Even as the gulf widens between the stronger euro-zone core countries and the shrinking economies on the troubled periphery, the European Central Bank has signalled it fully intends to ratchet up interest rates to check inflation.
The ECB left its benchmark interest rate unchanged at 1.25 per cent at its policy-setting meeting Thursday, but left little doubt that another rate hike is coming as early as next month, despite the further damage it could inflict on such hard-hit member states as Greece, Portugal, Ireland and Spain. The bank did extend its emergency liquidity operations for at least another three months, to ensure that banks operating in these countries retain access to sufficient operating capital.
But ECB president Jean-Claude Trichet underscored the bank's adamant opposition to any sort of debt restructuring by Greece or other euro-zone members, partly because of the potential repercussions not only for the single-currency region but the global financial system. "It would be an enormous mistake to trigger a credit event," Mr. Trichet said at a news conference explaining the reasoning behind the bank's moves.
Analysts say some form of default is inevitable. They believe the ECB is opposed because the value of the billions of euros in sovereign bonds it holds - both directly and as collateral for loans to the troubled financial systems in Greece and elsewhere - would plummet. Mr. Trichet denied the bank is acting out of self-interest.
"We are not in favour of restructuring, haircuts and so forth," Mr. Trichet said. "We call for avoiding all credit events and selective defaults. We exclude all elements which are not voluntary."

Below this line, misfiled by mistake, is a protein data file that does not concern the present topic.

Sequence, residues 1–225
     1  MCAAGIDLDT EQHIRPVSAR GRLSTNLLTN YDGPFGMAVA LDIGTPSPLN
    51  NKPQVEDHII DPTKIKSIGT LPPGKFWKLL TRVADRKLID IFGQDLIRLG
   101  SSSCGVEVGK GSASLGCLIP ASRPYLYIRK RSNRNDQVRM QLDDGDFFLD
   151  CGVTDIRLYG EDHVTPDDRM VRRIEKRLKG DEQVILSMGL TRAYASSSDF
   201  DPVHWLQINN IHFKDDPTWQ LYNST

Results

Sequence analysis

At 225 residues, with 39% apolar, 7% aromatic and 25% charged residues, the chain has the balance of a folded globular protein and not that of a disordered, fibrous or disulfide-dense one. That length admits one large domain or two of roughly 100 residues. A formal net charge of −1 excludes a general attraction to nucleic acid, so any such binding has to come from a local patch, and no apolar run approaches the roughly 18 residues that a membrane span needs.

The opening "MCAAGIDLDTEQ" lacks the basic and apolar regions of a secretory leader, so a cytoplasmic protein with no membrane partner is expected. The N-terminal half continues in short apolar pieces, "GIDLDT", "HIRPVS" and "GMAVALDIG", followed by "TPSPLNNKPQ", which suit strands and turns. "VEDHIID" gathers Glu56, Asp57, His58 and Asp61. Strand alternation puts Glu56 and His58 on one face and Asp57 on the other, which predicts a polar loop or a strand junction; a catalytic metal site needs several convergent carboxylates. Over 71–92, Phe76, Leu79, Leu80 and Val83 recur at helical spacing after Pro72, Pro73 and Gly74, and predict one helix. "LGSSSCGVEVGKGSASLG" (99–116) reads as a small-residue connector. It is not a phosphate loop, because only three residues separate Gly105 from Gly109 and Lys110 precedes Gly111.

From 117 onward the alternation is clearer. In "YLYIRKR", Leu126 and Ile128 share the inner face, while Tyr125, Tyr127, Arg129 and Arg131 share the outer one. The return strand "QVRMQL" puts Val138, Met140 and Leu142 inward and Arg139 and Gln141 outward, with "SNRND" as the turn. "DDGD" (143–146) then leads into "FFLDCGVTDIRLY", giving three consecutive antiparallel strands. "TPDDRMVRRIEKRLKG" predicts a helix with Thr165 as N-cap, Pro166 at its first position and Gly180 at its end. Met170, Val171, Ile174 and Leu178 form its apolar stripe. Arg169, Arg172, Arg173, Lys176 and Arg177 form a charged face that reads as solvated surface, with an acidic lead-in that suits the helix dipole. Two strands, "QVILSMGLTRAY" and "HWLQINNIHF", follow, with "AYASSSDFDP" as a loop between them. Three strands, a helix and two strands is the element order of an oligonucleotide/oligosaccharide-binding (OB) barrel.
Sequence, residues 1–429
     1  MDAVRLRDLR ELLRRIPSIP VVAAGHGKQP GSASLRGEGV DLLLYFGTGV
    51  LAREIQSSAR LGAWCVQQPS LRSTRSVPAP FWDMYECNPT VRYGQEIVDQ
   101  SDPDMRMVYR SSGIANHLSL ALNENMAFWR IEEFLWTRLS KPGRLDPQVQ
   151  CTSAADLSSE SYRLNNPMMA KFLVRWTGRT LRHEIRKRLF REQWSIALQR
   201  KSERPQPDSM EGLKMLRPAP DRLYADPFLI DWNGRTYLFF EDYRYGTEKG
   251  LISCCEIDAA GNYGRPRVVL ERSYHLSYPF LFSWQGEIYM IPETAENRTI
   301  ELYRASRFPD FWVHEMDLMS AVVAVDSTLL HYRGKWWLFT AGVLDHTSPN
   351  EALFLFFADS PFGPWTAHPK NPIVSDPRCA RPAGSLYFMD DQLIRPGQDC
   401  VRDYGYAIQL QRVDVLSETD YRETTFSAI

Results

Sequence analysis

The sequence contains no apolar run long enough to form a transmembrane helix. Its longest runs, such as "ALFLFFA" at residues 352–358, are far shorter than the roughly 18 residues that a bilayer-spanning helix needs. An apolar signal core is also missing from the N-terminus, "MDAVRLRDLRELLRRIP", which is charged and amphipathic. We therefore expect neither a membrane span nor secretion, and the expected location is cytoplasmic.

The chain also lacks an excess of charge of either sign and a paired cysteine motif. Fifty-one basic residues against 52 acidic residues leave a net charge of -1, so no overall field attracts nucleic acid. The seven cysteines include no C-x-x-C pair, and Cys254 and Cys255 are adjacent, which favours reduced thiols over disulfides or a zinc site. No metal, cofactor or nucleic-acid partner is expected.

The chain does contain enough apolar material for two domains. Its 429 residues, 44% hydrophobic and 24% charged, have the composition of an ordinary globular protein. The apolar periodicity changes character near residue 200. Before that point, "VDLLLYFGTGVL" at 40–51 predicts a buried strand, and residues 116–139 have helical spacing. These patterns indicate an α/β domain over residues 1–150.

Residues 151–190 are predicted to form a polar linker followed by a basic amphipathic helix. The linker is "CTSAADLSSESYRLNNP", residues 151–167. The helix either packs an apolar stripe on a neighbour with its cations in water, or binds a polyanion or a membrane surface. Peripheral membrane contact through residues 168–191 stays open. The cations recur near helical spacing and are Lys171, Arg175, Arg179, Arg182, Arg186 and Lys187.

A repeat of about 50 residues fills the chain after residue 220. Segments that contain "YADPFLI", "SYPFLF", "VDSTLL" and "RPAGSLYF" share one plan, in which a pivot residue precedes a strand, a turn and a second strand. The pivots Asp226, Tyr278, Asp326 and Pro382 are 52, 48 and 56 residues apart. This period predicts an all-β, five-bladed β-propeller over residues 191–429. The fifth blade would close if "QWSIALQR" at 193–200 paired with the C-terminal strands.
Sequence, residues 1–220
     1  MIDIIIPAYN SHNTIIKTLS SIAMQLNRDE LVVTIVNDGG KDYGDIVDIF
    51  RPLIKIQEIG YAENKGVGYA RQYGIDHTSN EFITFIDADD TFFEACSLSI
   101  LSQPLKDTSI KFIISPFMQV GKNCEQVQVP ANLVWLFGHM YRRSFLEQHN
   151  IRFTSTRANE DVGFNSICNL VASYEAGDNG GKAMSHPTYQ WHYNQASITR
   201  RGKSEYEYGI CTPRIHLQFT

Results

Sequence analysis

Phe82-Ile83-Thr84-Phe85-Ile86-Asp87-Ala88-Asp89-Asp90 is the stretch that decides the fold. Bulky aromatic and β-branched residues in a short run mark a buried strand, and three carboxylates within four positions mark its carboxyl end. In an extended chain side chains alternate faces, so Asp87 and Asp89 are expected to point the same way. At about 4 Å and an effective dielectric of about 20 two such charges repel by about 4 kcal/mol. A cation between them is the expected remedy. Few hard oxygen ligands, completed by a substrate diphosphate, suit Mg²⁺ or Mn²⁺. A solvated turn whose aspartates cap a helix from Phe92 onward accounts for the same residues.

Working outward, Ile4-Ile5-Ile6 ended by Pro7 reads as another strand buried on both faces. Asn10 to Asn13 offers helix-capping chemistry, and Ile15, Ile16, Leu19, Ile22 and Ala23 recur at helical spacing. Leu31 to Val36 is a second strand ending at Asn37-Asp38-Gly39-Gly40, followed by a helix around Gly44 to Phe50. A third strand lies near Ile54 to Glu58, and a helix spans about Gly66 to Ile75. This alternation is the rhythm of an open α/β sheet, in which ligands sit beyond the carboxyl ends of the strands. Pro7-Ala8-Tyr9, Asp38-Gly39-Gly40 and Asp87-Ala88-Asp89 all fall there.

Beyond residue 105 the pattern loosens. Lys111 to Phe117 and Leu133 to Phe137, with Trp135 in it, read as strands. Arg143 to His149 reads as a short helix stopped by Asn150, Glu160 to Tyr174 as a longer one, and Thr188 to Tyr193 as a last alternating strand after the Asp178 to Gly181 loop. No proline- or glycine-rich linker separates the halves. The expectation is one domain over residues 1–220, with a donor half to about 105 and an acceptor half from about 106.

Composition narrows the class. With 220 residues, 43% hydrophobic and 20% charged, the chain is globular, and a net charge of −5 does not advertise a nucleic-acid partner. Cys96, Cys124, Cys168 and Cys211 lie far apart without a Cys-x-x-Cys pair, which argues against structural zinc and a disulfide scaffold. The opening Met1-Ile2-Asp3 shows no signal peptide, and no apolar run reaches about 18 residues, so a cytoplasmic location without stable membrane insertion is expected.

The central bank last raised its key rate in April, by a quarter of a percentage point, and is expected to stick to similarly modest increases in the months ahead because of the economic risks, the continuing debt crisis and its own forecast that inflation will moderate next year.
"On balance, risks to the outlook for price stability are on the upside," the ECB said. "Accordingly, strong vigilance is warranted. On the basis of our assessment, we will act in a firm and timely manner. We will do all that is needed to prevent recent price developments giving rise to broad-based inflationary pressures."
In the past, the "strong vigilance" comment has typically been followed by tighter monetary conditions.
The central bank "obviously believes that the best way to contain inflation and pricing expectations is by raising interest rates again sooner rather than later, thereby sending out the message that it is not willing to take risks on the inflation front despite significant euro-zone growth uncertainties," said Howard Archer, chief European economist with IHS Global Insight in London. "Further out, we see one more increase this year, to 1.75 per cent in the fourth quarter."
Rates could hit 2.5 per cent by the end of 2012, Mr. Archer forecast.
Separately, the Bank of England kept its benchmark rate at a record low 0.5 per cent Thursday, as a stagnant economy trumped rising inflation concerns in Britain. The rate was last changed in March 2009. This leaves the Bank of England and the U.S. Federal Reserve as the only major central banks that have not shifted, at least modestly, into a policy-tightening mode.
Unlike the Federal Reserve, the ECB has no mandate to deal with unemployment or other economic ills. Its role as a lender of last resort to insolvent governments and banks was foisted on it by European leaders.
The ECB "allowed itself to be used by governments that should have provided the bailout money directly," said Raghuram Rajan, a finance professor at the University of Chicago. "It was politically expedient but destructive of institutions."
Mr. Trichet told reporters inflation will remain well above the bank's target of close to 2 per cent in coming months, mainly because of higher energy and other commodity prices. The bank forecasts consumer inflation will average 2.6 per cent this year, easing to 1.7 per cent in 2012.